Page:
Naivasha: The perfect place to enjoy the sun, moon and birds

Saturday February 22 2020

Sailing to Ziwani Island House on Lake Naivasha.

Sailing to Ziwani Island House on Lake Naivasha. PHOTO | RUPI MANGAT 

RUPI MANGAT
By RUPI MANGAT
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In the east, a fiery sun lit up the dawn sky as the moon set in the west. A gentle breeze swept the rising white mist off the ruffled waters of a lake that the Maasai call Enai’posha meaning “rough water”, because of the sudden storms that can arise. Its official name is Lake Naivasha, one of the lakes in Kenya’s Rift Valley.

I couldn’t have chosen a better time to be at Ziwani Island House to watch one of the biggest full moons of the year nearing the closest point to the Earth in its orbit.

The attraction is the see-through glass that allows one to view nature from inside the house. It is like being in a glass bubble as I enjoy the reflection of both the sunrise and the fading moon on the mirror in my room.

Just a two-hour drive from Nairobi, the house has been designed to capture the view of the lake and the sky on the western shores.

With a full glass frontage that brings the outside in, there’s never a dull moment here. You can go water skiing or hiking around the island, or sail to the mainland and hike Hells Gate or Mount Longonot.

The story goes that when the owners of this facility first bought the land, it wasn’t on an island but on the shore of the mainland. Then the heavy rains of the 2013-2014 season saw the rise of all the Rift Valley lakes, and suddenly the house was marooned on an island. They called the house Ziwani, Swahili for “in the lake”.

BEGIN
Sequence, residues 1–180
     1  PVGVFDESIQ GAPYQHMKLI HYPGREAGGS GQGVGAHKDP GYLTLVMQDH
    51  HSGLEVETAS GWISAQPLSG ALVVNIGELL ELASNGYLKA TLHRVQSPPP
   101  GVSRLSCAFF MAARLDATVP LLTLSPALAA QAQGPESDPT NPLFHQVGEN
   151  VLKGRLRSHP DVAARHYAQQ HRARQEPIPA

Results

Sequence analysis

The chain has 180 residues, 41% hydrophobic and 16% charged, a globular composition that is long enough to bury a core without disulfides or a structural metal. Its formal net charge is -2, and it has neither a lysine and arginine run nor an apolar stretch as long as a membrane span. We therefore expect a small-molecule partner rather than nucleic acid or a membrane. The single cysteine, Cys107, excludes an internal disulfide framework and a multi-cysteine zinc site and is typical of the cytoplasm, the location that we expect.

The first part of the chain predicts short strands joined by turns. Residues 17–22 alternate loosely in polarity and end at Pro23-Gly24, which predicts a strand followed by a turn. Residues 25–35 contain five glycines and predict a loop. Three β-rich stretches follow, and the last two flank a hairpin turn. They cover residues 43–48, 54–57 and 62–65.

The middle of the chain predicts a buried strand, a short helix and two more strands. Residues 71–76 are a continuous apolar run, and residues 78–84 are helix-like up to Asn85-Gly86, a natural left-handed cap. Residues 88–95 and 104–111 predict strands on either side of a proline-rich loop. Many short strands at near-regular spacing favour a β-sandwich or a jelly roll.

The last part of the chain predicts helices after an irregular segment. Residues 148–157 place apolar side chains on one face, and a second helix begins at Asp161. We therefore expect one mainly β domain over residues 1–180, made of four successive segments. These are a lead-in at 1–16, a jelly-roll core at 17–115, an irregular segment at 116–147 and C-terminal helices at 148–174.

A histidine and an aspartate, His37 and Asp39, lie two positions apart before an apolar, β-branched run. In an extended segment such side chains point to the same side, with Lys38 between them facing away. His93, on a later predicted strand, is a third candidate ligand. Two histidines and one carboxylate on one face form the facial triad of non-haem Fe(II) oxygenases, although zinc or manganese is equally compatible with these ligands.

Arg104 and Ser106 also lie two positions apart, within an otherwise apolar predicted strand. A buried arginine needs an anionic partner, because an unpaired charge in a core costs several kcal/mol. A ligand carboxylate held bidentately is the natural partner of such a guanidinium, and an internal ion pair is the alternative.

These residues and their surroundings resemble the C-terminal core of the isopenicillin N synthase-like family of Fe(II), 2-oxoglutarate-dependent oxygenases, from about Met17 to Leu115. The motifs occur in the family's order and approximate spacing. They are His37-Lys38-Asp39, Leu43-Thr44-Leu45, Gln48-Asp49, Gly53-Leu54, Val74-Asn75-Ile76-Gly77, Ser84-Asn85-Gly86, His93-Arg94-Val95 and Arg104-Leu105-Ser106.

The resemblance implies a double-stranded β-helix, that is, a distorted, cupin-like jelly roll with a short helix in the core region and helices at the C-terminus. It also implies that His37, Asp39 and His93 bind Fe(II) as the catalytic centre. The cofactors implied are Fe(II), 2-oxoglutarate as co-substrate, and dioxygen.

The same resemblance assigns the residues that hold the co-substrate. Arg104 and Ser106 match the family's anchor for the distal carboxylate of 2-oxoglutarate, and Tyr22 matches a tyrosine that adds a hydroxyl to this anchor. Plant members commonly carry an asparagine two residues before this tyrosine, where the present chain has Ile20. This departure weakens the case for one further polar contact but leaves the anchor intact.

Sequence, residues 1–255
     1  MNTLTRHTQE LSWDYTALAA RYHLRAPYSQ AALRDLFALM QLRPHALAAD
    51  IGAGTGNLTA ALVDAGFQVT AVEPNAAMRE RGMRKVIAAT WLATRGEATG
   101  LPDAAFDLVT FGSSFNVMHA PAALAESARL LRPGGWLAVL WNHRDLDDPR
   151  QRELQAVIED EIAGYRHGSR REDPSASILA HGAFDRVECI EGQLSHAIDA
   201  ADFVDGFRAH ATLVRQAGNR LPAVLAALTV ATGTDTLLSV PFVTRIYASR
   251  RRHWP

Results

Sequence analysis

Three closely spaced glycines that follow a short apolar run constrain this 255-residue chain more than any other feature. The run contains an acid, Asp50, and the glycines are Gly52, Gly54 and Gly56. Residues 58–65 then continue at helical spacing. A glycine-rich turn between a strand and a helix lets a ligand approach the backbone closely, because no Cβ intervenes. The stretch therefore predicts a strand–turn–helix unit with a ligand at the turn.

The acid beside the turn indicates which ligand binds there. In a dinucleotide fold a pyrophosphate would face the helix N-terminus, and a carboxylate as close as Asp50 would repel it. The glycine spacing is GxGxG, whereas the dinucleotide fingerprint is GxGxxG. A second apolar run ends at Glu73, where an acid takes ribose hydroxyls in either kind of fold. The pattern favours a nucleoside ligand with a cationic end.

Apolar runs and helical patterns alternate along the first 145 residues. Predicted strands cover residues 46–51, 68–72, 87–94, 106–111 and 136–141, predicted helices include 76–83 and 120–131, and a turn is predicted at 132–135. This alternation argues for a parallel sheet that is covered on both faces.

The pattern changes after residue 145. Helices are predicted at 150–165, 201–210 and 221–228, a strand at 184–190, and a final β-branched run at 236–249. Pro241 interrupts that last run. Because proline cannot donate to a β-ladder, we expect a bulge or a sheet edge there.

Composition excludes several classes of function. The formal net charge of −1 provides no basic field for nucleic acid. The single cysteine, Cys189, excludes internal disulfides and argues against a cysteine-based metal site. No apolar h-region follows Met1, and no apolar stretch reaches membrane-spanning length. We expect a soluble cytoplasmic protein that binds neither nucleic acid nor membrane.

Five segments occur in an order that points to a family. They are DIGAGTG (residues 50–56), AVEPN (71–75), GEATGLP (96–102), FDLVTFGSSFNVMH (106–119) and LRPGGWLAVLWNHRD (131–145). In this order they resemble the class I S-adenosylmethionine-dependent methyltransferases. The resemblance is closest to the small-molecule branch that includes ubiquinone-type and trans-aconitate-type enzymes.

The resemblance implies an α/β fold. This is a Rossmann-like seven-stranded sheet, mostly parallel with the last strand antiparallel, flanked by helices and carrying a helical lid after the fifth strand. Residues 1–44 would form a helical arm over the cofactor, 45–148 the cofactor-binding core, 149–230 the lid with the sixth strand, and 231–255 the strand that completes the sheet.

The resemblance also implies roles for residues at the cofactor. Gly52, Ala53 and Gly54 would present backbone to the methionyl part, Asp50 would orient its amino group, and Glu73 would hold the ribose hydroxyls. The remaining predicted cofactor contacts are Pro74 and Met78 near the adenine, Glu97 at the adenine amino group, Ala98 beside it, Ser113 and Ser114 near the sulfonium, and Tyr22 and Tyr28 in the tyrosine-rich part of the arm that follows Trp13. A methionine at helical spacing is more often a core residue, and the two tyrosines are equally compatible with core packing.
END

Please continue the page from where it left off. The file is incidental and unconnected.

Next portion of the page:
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Instead of driving there now, one has to sail to it, with the resident hippos watching you with their beady eyes. To get there, you take a canoe to a pier just outside the lake.

The welcoming committee consists of Helmeted guinea fowl, which cluck around the garden filled with colourful flowers. A handsome pair of Grey crowned cranes stand by the glass door, and a stately yellow-fever acacia sits by my room.

Once inside the glass-paned house, you get a sense of floating on water.

At lunch on the deck with a large fig tree spreading its leafy crown over us, we had some organically grown food, including homemade cheese on the pizza. When the pineapple topped home-baked cake arrived with fresh cream, I was in heaven. I could smell the cinnamon wafting off it.

There are birds everywhere you look. By the window of my room a pair of Hammercops were building their nest in the fork of the acacia. It was the first time for me to see the construction work of one of the biggest nests, so strong that an adult human can stand on it without breaking it.

In the early evening we strolled up the hill by the house to see Mount Eburru in the west, followed by the Mau ranges, and then the wide sweep of the savannah plain that is home to stately giraffes, waterbuck, kongoni, baboons, and the old colobus monkey that swam across the lake to take up residence at Ziwani.

The morning sail on the lake revealed birds everywhere. Every stump of the papyrus-filled shoreline had the stately African fish eagle on it, whose piercing call rent the air. Dainty kingfishers flitted from the low reeds to dive into the water for a fish, and, with some 350 other species, it’s a beautiful world out there.

Scientists solved the mystery of how the lake waters stay fresh when they discovered subterranean outlets that are connected to other Rift Valley lakes like Magadi, Elementaita, Nakuru and Bogoria — all of which are alkaline.